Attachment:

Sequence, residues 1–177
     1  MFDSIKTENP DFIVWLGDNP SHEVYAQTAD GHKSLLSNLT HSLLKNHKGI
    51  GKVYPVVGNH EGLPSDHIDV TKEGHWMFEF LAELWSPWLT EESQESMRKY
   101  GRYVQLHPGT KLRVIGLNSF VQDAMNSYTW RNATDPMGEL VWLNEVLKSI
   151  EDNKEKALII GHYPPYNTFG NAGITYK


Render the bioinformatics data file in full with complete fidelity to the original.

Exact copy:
Sequence, residues 1–177
     1  MFDSIKTENP DFIVWLGDNP SHEVYAQTAD GHKSLLSNLT HSLLKNHKGI
    51  GKVYPVVGNH EGLPSDHIDV TKEGHWMFEF LAELWSPWLT EESQESMRKY
   101  GRYVQLHPGT KLRVIGLNSF VQDAMNSYTW RNATDPMGEL VWLNEVLKSI
   151  EDNKEKALII GHYPPYNTFG NAGITYK